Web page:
Adding capacity assessment to sexual assault bill creates uncertainty | Pierre Dalphond
Tuesday, November 06, 2018 @ 9:03 AM | By Pierre Dalphond
Bill C-51 pursues four distinct objectives; the first one is summarized as follows by the Department of Justice: Clarify certain aspects of sexual assault law relating to consent, admissibility of evidence and legal representation for the complainant. The other objectives being widely accepted, I will focus on the first.
The bill’s amendments regarding the admissibility of evidence, which expand the rape shield provisions and restrict the accused’s use of the complainant’s private records in his/her possession, were highly criticized before the committee by several expert criminal lawyers and civil rights groups.
In a nutshell, it imposes the obligation to the accused of a sexual offence to disclose in advance any “record relating to a complainant that is the possession or control of the accused and which the accused intends to adduce.”
Like Sen. Serge Joyal, I believe that there will be constitutional challenges to this attempt to change the ordinary criminal proceedings in sexual offences cases, including the right of accused persons to remain silent, not to disclose potential means of defence (except alibi) and to keep their defence secret from the Crown until they choose to bring them to bear in the trial.
If the bill is enacted, I urge lawyers and the courts to interpret the new provisions with sufficient flexibility to preserve the accused’s right to a legitimate means of defence in the appropriate circumstances.
As for the clarification on certain aspects of sexual assault law relating to consent, I believe the bill as amended by the House of Commons met the stated objective.
Pursuant to the new s. 273.1 of the Criminal Code, which codifies the Supreme Court’s ruling in R v. J.A. 2011 SCC 28, consent must always be present during the sexual activity in question (new ss. 273.1(1.1)) and consent no longer exists if a complainant becomes unconscious during the activity (new ss. 273.1(2)(a.1)).
As stated by Sen. Peter Harder in his Oct. 16, 2018, speech, Bill C-51, as adopted by the House of Commons, does not seek to legislate a legal test of incapacity.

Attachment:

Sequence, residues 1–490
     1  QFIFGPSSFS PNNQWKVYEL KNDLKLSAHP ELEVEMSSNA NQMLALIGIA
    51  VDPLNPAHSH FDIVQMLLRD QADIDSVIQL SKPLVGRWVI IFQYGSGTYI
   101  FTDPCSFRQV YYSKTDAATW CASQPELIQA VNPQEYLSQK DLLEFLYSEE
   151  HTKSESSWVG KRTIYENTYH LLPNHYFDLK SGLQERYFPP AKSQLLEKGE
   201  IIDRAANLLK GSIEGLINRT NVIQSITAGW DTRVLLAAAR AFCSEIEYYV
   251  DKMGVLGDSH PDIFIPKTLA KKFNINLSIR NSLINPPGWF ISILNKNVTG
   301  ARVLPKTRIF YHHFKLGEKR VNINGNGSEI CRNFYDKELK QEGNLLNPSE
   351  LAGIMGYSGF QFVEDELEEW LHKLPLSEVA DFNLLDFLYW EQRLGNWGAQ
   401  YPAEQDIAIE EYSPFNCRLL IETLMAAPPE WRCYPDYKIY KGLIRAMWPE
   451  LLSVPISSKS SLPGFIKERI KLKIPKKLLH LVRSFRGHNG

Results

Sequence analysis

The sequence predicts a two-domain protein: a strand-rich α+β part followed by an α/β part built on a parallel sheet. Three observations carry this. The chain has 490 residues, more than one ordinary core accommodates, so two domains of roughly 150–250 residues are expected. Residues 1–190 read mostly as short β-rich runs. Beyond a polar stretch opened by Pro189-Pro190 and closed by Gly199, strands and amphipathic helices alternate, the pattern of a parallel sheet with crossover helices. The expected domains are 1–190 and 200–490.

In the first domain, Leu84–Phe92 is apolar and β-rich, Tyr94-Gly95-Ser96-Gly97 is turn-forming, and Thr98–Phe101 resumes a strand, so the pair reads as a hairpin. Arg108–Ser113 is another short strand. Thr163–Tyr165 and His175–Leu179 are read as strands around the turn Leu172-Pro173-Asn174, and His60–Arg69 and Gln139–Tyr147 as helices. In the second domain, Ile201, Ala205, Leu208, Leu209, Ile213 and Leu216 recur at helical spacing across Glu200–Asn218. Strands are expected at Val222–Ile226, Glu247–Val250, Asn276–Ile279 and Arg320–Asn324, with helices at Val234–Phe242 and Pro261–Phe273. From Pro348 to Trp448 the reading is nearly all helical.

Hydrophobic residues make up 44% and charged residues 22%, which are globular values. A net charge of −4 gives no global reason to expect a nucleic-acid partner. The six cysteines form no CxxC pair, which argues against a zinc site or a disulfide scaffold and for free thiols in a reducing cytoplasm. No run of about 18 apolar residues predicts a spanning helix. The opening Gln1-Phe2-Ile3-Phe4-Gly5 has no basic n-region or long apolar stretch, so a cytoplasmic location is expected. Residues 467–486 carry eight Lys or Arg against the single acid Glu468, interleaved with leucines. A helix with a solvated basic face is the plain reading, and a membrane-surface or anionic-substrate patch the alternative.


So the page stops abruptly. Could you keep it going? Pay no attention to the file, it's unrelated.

Thus, one cannot seriously argue that the House of Commons version of C-51 if enacted, could have the effect of drawing the line for incapacity and capacity to consent at unconsciousness. This argument is untenable as it would be a complete reversal of the existing case law as evidenced, among other things, by the recent judgment of the Nova Scotia Court of Appeal in R v. El-Rawi 2018 NSCA 10, which states that the dividing line between consent and lack of consent is not consciousness, but the ability to consent and to withdraw consent at any point.
Unfortunately, at third reading in the Senate, in response to this false risk, an amendment was adopted on division and is now before the House of Commons for consideration. It is designed to provide courts with specific directions in cases where the complainant was intoxicated.
The amendment stipulates that consent is not obtained when complainants are incapable of consenting to the activity in question: “for any reason, including but not limited to because they are (i) unable to understand the nature of circumstances, risks and consequences of the sexual activity in question; (ii) unable to understand that they have the choice to engage in the sexual activity in question or not; or (iii) unable to affirmatively express agreement to the sexual activity in question by words or by active conduct.”
By including a non-limitative list of criteria instead of referring to “any other reason,” the principles underlying the criteria (to be determined by courts) risk changing the state of the law or, at the very least, create a period of uncertainty about Parliament’s intent when incorporating such a list into the Code.
I understand that, for those advocating for a rebalancing of trial to be more favourable to complainants, that Bill C-51 is not enough. I also know that there remains in society myths, biases and prejudices toward victims of sexual assaults, including those who were intoxicated. These do not stop at the door of police stations or courthouses, and Crown counsel, defence lawyers, judges and the jury are not immune to them.
But adding in the Code a list of factors to assess capacity will not address any of that. It will only create interpretative difficulties at trial and expose complainants to new lines of questioning.
Pierre Dalphond sits as independent Senator for the De Lorimier Division (Quebec). Prior to being appointed to the Senate on June 6, 2018, he was a judge, lawyer, and legislative advisor.
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